Only a few years ago Indianapolis suffered from a 35 percent high school graduation rate. Mayor Bart Petersen took action, challenging the status quo by sponsoring and authorizing an array of charter schools.
"We are simply in an age where cookie-cutter, one-size-fits-all, 1950s style education just doesn't work for a lot of kids. The evidence is the dropout rate. The evidence is the number of at-risk kids who are failing at school," Petersen wrote.
Arizona should follow this example and expand the list of charter school authorizers to include cities and universities. An obvious conclusion to draw from the recent Arizona Republic series on financial improprieties at some charter schools is that perhaps the state is not up to the job of oversight.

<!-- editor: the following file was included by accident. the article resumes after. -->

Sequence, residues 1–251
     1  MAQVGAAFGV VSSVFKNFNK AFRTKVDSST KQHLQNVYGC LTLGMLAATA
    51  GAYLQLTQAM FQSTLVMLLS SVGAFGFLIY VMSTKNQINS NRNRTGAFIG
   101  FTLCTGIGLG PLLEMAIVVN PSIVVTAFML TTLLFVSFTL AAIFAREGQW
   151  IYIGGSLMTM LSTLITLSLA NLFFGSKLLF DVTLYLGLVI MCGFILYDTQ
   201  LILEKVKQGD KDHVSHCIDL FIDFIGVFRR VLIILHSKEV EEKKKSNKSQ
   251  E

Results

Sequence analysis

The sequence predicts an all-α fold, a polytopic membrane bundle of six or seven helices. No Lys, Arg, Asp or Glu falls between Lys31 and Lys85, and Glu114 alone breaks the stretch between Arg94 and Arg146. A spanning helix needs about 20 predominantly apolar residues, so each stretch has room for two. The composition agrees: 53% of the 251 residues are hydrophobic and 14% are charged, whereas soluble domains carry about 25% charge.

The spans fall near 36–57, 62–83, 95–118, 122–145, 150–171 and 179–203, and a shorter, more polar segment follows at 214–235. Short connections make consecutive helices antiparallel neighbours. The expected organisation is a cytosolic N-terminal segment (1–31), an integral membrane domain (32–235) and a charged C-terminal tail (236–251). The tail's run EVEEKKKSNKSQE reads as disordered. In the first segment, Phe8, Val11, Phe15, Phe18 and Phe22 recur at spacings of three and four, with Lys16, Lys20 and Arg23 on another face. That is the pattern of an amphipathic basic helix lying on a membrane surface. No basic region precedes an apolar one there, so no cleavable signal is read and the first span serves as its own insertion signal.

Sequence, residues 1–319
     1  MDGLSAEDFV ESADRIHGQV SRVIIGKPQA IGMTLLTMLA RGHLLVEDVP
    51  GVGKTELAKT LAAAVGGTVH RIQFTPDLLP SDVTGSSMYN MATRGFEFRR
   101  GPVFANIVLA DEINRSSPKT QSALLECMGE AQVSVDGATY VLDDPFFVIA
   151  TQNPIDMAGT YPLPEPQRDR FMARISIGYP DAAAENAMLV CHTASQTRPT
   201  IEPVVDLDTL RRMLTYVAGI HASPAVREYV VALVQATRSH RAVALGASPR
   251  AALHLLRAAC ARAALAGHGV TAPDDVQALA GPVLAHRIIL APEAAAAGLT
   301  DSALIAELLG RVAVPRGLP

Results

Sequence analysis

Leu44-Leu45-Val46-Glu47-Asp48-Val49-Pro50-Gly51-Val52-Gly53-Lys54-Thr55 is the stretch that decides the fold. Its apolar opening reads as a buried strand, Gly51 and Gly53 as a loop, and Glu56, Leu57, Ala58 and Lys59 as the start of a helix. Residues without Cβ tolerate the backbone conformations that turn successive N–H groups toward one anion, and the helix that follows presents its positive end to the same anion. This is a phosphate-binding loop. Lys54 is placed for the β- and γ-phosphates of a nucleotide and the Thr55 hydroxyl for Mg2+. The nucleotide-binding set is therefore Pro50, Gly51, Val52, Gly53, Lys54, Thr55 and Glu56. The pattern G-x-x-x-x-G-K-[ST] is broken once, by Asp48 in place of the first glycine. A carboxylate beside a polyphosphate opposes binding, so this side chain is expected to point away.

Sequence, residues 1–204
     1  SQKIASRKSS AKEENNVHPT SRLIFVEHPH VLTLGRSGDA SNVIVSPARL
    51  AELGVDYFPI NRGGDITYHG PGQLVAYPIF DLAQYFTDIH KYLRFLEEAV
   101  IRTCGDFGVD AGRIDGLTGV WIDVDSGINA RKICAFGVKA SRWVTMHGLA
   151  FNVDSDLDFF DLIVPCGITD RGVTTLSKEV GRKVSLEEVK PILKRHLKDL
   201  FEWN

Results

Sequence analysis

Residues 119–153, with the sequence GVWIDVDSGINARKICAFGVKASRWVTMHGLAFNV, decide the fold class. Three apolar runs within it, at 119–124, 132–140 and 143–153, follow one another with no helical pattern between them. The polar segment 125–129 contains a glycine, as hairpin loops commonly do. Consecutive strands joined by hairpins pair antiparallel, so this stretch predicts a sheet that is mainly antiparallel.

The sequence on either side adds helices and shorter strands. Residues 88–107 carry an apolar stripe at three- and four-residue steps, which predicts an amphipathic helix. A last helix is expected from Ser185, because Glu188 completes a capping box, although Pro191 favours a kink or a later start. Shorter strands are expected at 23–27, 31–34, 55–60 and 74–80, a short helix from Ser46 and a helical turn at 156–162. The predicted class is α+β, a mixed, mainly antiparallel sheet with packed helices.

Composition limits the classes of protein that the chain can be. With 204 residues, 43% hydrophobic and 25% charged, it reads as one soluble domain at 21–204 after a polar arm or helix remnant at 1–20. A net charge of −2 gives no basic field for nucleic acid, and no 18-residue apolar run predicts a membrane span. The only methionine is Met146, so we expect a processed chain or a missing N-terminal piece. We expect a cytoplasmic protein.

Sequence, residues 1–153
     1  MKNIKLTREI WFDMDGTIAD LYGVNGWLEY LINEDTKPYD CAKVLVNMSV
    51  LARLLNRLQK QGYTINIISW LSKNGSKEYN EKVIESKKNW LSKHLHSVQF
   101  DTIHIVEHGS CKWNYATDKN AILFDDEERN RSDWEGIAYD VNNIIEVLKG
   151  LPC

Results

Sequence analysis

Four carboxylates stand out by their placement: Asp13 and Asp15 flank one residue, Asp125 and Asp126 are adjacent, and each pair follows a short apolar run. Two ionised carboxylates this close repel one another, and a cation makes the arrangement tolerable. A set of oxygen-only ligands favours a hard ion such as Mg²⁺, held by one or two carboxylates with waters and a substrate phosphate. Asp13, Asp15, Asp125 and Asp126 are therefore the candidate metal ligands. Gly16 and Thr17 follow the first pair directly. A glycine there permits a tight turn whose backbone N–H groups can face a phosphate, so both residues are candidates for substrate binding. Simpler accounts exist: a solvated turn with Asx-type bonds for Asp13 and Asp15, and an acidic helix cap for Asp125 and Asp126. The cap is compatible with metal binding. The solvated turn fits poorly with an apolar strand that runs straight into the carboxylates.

"Financial oversight of Arizona's charter-school system is soft and sporadic," wrote the Republic's Pat Kossan. Petersen's authorization office, meanwhile, is widely regarded as a national model.
Mayor Petersen has made the challenge to his inner city public schools: educate these kids or make room for someone who will. Charter authorization in Arizona could also benefit from some diversity and competition. One-size-fits-all doesn't work for schooling, or school authorization.
Dr. Matthew Ladner is vice president of research at the Goldwater Institute.
Hoover Institute: The Peyton Manning of charter schools
Goldwater Institute: Comparison of Traditional Public Schools and Charter Schools on Retention, School Switching, and Achievement Growth
Arizona Republic: Arizona lax on charter schools